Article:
The Washington Post recently profiled a typical day of gun violence in America, and following that trail of blood across the country made me think again that only people with a certain kind of standing ought to have a say in certain matters. The abortion debate should be left to people who have experience with abortion; the gun control debate should be left to people who have experience with guns.
That’s an elitist position, not an egalitarian one, but it’s a Christian position as well.
The profile made me want to ask a Christian friend to take the bumper sticker off his truck because it propagates falsehood.
“An armed society is a polite society,” the sticker says, under the silhouette of an AR-15.
There’s plenty of evidence to show that guns do not increase courtesy. Thirty million American gun owners admit to lashing out at other people, often, in anger, in spite of owning guns. A recent study found that drivers who carry guns are 44% more likely to make obscene gestures at other drivers, and 77% more likely to tailgate aggressively.
What gun ownership does increase is your chances of getting shot — by a factor of four and a half.
The trouble is that my friend doesn’t care about the evidence, because the people who provide it don’t have standing — that is, they don’t have their own experience, he would presume, which is why they had to do a study. So I’ve decided to approach him on the basis of my gun experience instead of the evidence.
I’m an armed Christian. I write these words within sight of both a handgun and a shotgun. I bought my son his first gun when he was twelve years old, and for a couple of memorable years we shot skeet together to ease the pain of my divorce from his mother.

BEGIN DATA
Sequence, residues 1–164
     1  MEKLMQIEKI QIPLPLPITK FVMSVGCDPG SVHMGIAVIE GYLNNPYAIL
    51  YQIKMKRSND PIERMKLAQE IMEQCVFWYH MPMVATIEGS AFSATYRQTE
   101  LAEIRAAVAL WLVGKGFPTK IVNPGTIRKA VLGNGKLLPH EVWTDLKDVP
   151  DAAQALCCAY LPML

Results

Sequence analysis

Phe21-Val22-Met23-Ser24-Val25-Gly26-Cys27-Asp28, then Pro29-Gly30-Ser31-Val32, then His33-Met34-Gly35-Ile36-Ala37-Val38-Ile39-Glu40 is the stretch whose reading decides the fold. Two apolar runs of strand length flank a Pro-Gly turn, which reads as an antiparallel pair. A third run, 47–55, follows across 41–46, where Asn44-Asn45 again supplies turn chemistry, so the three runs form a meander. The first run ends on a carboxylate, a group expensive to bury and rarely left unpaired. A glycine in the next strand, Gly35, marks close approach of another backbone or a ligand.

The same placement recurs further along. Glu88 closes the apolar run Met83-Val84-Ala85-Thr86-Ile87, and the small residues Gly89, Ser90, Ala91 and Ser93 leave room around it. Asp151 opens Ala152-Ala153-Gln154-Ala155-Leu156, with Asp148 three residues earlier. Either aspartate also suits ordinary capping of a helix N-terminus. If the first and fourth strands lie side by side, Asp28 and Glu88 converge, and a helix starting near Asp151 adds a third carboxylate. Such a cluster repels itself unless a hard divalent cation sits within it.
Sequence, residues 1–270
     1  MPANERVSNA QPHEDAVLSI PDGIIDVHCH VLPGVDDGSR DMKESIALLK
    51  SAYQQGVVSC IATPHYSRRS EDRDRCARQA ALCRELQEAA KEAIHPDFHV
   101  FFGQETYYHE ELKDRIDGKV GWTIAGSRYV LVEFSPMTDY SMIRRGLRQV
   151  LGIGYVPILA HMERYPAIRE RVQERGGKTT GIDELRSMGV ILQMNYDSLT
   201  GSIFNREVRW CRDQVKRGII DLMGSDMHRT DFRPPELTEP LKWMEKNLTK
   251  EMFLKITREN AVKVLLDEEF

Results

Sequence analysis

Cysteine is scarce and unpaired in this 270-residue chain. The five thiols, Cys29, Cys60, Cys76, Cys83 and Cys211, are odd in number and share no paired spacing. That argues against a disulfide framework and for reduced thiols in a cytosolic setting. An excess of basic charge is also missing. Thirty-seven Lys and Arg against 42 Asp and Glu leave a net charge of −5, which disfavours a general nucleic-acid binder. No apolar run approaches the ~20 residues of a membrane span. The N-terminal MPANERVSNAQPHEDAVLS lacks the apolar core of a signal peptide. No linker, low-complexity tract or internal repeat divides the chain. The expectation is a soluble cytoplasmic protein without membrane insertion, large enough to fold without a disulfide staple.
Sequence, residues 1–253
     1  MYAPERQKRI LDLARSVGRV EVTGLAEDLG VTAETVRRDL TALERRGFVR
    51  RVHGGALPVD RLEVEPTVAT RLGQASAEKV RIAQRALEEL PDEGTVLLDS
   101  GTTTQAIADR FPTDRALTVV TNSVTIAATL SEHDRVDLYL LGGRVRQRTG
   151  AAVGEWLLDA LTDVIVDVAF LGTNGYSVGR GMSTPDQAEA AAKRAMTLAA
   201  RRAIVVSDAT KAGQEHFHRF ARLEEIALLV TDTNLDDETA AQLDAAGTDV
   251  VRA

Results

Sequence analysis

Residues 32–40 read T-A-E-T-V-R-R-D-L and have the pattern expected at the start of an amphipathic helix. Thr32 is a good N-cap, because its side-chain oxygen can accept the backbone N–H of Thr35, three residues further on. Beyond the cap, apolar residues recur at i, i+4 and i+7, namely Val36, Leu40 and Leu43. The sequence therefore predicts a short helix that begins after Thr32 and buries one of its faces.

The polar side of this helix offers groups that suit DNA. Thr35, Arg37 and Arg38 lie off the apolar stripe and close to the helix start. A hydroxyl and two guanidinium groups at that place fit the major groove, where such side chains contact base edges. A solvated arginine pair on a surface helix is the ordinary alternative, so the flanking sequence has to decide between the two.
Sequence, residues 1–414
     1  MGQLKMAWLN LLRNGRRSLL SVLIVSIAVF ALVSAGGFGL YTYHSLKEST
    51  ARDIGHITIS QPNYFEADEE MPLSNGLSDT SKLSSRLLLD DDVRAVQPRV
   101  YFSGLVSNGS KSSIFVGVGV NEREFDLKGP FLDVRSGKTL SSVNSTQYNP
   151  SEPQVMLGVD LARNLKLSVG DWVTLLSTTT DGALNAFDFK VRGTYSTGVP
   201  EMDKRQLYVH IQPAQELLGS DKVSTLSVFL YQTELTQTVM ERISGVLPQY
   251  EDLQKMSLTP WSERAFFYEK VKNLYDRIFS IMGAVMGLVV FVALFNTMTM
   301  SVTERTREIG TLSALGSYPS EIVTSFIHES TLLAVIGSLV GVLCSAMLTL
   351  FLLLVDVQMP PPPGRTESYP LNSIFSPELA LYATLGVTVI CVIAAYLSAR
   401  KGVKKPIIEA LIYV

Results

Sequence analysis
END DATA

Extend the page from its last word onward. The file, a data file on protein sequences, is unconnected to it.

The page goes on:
Those facts might suggest that I had positive experiences with guns when I was young. I didn’t.
The first gun I ever saw was the one my father used to shoot our cat one Sunday morning. I had been making the cat sit on one side of me while the dog sat on the other side, to prove that they could get along while we watched “Davy and Goliath” on the black and white TV. After getting along with the cat for a couple of minutes, the dog jumped over me and tore the cat apart. She was still alive when I got my father out of bed, but she was irreparably mangled, so he shot her. I felt the report come through the screen.
I saw that gun again when I was ten, this time in my mother’s hand. She was pointing it at my father. I had broken through their bedroom door to stop their fight, having heard it come to blows, and I found him on his knees in front of her. It looked like he was begging for his life, but more likely she had knocked his glasses off, and he was searching for them. Instead of shooting him, or me, she put the gun aside and joined him on the floor. I stepped up and put my arms around them both, one on either side of me, my mother and my father, like the cat and the dog.
If those early experiences seem incongruous with buying my son a Remington 870 when his mother left me, or with gazing on my own firearms while I think about what to say next, I would add that I’m a seminarian in my third year of study at one of the most liberal Christian seminaries in this gun-besotted country. Then I would take the incongruity one step further by asserting that I owe my vocation to the gun I saw my mother pointing at my father: she was going to shoot him, and then she didn’t shoot him, and that’s why I’m a seminarian today.
How will all of that address the falsehood on my friend’s bumper?
Through the power of personal testimony. Christianity is a paradigm of witness, first and foremost, especially the witness of reversal — story after story of expecting this and getting that. Yes, the Christian paradigm includes explicit instructions to love our enemies and to resist not evil, but those instructions pale before the Christian story.
So, instead of holding up evidence before my friend and hoping it will make him take that sticker off his truck, I’m going to share my experience with guns, and discourtesy, and incongruity. Because if we’re Christians, what gives us standing in the world, here as anywhere, is expecting this and getting that.